WASHINGTON — Millions of "natural killer cells" — nature's first line of defense against cancer, viruses and other infectious microbes — are on constant patrol inside your body.
These tiny assassins, the immune system's rapid-response team, can quickly spot a dangerous cell, poke holes in its outer wall and release poisons to destroy it. They also alert other immune cells to join the attack.
Despite their forbidding name, natural killer cells are the good guys in the never-ending war against disease.
Like some espionage agents, NK cells have a "license to kill," according to Wayne Yokoyama, an immunologist with the Howard Hughes Medical Institute at Washington University in St. Louis. The "license" is a molecular tag that allows a killer cell to whack a bad cell.
Premium content for only $0.99
For the most comprehensive local coverage, subscribe today.
Although NK cells were discovered more than 30 years ago, they're still not well understood, and they remain an active field of research. Scientists are trying to figure out how killer cells "see" a target cell, how they tell whether it's infected or healthy and how they carry out their lethal task.
"We remain puzzled about where and when NK cells develop," James Di Santo, the director of the immunology department at the Institut Pasteur in Paris, acknowledged in the journal Nature Immunology. "We still have many questions."
"We have gained only a partial understanding of how NK cells recognize a target cell as friend or foe," Michael Caligiuri, a professor of cancer research at Ohio State University, wrote in the journal Blood.
Caligiuri said researchers hope "the immune system can be engineered to cure some forms of cancer." Other potential targets for possible vaccines, treatments or cures are HIV, viruses that cause hepatitis and herpes, and various bacteria, fungi and parasites.
Some patients received NK cells in preliminary clinical trials in the 1980s, but the tests were abandoned, partly because of toxic side effects.
"We're still in early stages," Yokoyama said. "As we know more about how they work, we'll do better."
Recent advances in NK research include:
- The discovery by Yokoyama and other scientists that NK cells can "remember" a previous infection and respond more rapidly to a second attack.
"Once they've been activated, they can respond more easily and effectively to the next call for activation," Yokoyama wrote in the Jan. 30 issue of the Proceedings of the National Academy of Sciences.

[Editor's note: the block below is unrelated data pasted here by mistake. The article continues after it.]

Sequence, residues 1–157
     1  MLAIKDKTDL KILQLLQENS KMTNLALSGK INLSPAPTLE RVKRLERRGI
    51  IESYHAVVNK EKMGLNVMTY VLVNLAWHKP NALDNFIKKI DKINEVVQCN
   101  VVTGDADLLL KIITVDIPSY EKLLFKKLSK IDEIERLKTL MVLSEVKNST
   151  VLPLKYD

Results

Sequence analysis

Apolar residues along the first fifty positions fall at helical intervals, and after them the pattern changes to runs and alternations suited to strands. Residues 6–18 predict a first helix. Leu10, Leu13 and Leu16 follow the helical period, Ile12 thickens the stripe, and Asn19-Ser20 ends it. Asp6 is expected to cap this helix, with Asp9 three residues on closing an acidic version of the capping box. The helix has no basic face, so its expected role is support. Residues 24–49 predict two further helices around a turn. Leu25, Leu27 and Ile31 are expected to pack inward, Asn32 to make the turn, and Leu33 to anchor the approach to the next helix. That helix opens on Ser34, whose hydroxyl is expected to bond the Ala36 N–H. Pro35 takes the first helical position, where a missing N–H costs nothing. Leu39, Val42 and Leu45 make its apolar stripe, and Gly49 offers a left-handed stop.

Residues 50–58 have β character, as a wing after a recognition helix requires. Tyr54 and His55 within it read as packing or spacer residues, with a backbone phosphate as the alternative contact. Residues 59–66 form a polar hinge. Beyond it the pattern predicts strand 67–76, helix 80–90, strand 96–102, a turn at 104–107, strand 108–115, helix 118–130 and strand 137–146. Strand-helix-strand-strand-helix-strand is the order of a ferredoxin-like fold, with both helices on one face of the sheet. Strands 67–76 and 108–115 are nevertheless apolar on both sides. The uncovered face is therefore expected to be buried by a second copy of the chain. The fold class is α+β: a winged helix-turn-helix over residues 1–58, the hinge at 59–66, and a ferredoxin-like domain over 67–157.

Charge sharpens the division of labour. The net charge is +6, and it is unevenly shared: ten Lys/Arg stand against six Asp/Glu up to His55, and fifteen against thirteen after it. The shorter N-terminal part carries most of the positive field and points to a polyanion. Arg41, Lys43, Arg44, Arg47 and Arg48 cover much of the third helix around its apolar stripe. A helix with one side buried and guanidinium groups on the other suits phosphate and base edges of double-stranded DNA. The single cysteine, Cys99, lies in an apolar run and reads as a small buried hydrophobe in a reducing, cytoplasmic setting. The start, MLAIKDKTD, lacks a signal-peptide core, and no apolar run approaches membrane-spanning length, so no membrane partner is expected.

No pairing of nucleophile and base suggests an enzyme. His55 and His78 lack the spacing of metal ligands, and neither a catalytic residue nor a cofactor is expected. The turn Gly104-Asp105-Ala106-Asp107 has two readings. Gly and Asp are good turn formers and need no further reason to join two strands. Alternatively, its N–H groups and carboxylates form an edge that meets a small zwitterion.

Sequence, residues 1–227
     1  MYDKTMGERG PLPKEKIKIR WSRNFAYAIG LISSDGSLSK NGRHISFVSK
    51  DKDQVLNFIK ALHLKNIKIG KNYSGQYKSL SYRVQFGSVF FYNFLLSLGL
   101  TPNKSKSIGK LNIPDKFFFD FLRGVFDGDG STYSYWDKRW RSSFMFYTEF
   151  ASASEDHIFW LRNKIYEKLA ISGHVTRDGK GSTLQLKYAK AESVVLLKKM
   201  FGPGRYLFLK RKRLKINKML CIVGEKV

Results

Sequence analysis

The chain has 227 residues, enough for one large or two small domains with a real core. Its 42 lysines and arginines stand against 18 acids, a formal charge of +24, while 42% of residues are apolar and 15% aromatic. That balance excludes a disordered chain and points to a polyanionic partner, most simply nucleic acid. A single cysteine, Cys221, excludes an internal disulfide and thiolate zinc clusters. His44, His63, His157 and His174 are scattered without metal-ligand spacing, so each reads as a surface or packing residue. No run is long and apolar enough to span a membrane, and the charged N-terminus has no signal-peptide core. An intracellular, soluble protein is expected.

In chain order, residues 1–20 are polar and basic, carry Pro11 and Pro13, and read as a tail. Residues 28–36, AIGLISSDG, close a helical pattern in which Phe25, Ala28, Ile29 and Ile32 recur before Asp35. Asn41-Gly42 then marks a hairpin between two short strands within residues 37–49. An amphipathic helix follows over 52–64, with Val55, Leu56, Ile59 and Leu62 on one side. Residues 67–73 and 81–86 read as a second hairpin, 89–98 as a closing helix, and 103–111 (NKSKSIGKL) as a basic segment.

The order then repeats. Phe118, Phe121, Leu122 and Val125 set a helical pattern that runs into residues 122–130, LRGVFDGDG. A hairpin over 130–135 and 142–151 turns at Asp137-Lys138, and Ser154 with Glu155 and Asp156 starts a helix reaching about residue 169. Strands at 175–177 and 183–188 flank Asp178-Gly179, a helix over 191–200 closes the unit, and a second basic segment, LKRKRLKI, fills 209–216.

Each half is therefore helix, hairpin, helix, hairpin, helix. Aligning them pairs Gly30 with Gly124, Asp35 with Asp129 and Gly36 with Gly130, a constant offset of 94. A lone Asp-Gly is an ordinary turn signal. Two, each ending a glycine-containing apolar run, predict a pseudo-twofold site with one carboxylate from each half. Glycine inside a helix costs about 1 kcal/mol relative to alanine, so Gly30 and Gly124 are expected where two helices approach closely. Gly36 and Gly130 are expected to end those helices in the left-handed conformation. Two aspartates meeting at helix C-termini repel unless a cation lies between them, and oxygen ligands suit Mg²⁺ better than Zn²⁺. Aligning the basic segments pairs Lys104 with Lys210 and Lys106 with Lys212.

Andre Veillette, a cancer researcher at the Clinical Research Institute of Montreal, has identified a molecule, named CRACC, on the surface of NK cells that he said "augments their ability to kill abnormal cells."
A drug that stimulates CRACC would "increase their killer function," Veillette said.
NK cells are being generated constantly in bone marrow. They prowl through the blood and lymph systems, searching for signs of infected or cancerous cells. When they find one, they latch on to it and attempt to execute it, leaving nearby healthy cells alone.
If an NK cell can't find a certain protein complex, called MHC-1, which is normally on the surface of a target cell, the target is doomed. If the protein is present, however, the diseased cell is spared.
This ability to distinguish between friend and enemy "ensures that NK cells effectively carry out their surveillance function by leaving most cells undisturbed while being ready to destroy cells that are diseased," Di Santo said.
Another strength of NK cells is their quickness. "NK cells are able to deliver a response immediately after recognizing specific signals from molecules of foreign origin," said Jordan Orange, an immunologist at the University of Pennsylvania.
Other parts of the immune system, so-called B and T cells, are more numerous and powerful than NK cells but slower to react to an infection.
"It takes many days for that to happen," Yokoyama said. "NK cells, though there are less of them, can initiate a large response very early."
"More work is required to realize the dream of harnessing NK cell-based therapies in the clinic," Di Santo said. "Ultimately, we can hope that unraveling the mysteries of how these (NK cells) function will have an impact on human disease therapies."
MORE FROM MCCLATCHY